In the early 1900s, anthropologist Edward Sapir came to the novel conclusion that language, to a great extent, determines people’s thoughts and behavior. He decided that a language provides its speakers with both opportunities and constraints regarding what they could think about, and how they could act. A language with a big vocabulary and a complex grammar allows its speakers more latitude for thinking than a language with fewer words; and a language with a complicated grammar permits greater mental precision than a language with a very simple syntax.
Years later, Sapir’s student Benjamin Lee Whorf took his teacher’s theory one step further by saying that different languages give their respective speakers entirely different pictures of reality, and of life. Comparing languages spoken around the world, Whorf decided that a language like Indonesian, which has no verb tenses, gives Indonesians an entirely different conception of time than, say, English, which has as many as 17 different verb tenses, if you include things like the conditional simple (“John would walk”), and the conditional perfect progressive (“John would have been walking”).
Calling his theory the Sapir-Whorf Hypothesis, Whorf argued that language shapes a culture’s thought and behavior, and that no two languages shape thought and behavior in quite the same way.
Chichewa, an African Bantu language with nine distinct past tenses, Whorf said, provides its speakers with a more fine-tuned sense of history and tradition than a language with no past tense at all. Different languages shape different cultures, and different cultures make different kinds of people.
After a reasonably good run, the Sapir-Whorf hypothesis was largely discarded by anthropologists in the 1970s. But it lives on – and thrives – in the art and vision of Yoav Ben-Dov, 43, a very Israeli artist who believes that Jewish thought and culture are the creation of the Hebrew language.
Innocent of anthropology and blissfully unaware of either Sapir or Whorf, Ben-Dov creates paintings, sculpture and video art that reflect his belief that Hebrew – specifically biblical Hebrew – made us, continues to nurture us, and will someday bring us back to our true cultural values.
“A language carries your cultural essence along with it,” says Ben-Dov. “The question is, what does the language do to matter?” That is the question Ben-Dov is trying to answer in his current exhibition, “Language to Matter,” showing at the Engel Gallery in Tel Aviv.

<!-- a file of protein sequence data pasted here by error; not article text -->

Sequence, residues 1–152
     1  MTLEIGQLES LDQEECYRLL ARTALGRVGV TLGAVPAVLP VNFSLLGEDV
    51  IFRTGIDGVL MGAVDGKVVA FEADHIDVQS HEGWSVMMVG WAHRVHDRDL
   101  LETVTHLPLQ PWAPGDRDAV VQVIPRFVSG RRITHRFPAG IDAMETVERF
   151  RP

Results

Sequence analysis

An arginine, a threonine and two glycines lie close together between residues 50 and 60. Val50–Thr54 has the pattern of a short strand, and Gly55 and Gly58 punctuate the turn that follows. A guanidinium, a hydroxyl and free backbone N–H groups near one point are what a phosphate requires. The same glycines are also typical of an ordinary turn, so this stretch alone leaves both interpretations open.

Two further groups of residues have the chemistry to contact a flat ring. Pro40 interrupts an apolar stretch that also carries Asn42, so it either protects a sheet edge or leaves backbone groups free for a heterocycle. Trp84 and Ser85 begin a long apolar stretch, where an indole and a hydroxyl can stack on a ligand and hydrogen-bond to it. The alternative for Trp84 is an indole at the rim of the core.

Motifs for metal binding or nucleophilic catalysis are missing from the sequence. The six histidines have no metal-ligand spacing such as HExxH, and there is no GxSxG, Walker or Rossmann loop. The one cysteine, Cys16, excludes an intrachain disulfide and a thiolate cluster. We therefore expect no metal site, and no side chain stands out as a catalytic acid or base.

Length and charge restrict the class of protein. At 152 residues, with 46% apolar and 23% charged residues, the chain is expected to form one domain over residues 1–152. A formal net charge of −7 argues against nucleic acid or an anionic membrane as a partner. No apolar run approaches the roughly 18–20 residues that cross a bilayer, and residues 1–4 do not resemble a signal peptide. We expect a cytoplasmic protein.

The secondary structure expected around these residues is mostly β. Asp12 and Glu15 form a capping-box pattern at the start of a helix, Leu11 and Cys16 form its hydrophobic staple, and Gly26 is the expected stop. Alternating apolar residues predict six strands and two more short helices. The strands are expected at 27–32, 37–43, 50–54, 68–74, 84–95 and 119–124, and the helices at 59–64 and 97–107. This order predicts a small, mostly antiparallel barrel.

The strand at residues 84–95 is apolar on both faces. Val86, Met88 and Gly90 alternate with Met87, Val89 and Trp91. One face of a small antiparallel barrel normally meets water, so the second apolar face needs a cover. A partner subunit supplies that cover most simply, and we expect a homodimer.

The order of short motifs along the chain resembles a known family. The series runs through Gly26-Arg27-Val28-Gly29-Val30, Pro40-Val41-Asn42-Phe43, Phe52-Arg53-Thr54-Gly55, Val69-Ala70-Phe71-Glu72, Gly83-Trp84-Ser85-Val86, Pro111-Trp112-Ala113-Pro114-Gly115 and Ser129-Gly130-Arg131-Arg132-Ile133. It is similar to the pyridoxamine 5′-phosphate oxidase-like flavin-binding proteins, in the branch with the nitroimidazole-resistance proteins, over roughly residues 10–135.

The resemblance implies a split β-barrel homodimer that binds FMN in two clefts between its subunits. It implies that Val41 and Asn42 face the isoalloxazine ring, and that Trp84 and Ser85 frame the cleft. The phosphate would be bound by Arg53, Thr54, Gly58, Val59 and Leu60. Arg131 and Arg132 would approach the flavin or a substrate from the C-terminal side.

“I have been exhibiting a bit too much already, probably,” he says as he enters the gallery – a short, sparely built, youthful-looking guy in a T-shirt, shorts and black fedora hat, cocooned within the heavy odor of unfiltered cigarettes.
“I’ve done 30 or so exhibitions already, but this one is by far the most interesting."
“I’m asking how do we perceive things? How does what we perceive evolve from our culture? I have found the language, Hebrew, to be responsible for the way we think we exist.”
“Hebrew comes together with matter in a way that I don’t know about with any other language. Hebrew is structured in such a way that every word has various different meanings, depending on where it sits within the sentence – if it’s a noun or a verb. These things happen in Hebrew very naturally.
“Like shita means ‘to fool someone.’ But it also means ‘system.’ It also means ‘acacia tree.’ Here we have a word that means both to fool someone and to create a system. We don’t like these two concepts coming from the same thing.
“Maybe the system is fooling us. Or are we fooling the system? Or is the system for fools?
“Then the ark is made from the tree that holds the same word.Which gives you a kind of balance. Maybe there’s something that holds both the system and the fooling,” he says with a smile that makes us wonder if we ourselves are not being fooled, just a bit.
Perhaps sensing our uncertainty, Ben-Dov gets serious.
“I really think that language holds the culture. You cannot describe Jewish culture without the language. You cannot understand what it is about without the language.
“In Hebrew specifically, the weight of the language is even deeper and heavier than the culture as we perceive it. I don’t know if you can say this about other languages. But in Hebrew, the words themselves seem to trigger a reality that doesn’t happen in any other language I know.”
Who is this guy who passes his days painting, sculpting and pondering the deep shades of meaning of Hebrew words?
“My father was a fighter pilot who became an architect,” he tells us. “My mother is an artist who paints and does sculpture. I grew up in Ein Hod, the artists’ village. All my childhood was with artists.”
Interestingly, virtually all of Ben-Dov’s life since has been spent here in Israel – almost like a native tree that can only be nurtured by the sun, soil and water of this land.
“For me, it’s all about a stubbornness that insists on doing things right up to the sof, to the very edge,” he says. “I know that I can get to that edge here. I can’t live my life in another place. I can’t imagine living somewhere else. I was in Florence for half a year, but I’ve lived all my life here.”
While he is clearly in thrall to Hebrew language and culture, is the artist affected in any way by the ups and downs of life in the modern Hebrew nation? “Of course,” Ben-Dov replies. “Because this is where I live my life. This is my natural habitat. The fact that the place holds all these values allows me perhaps to look at what happens to the country.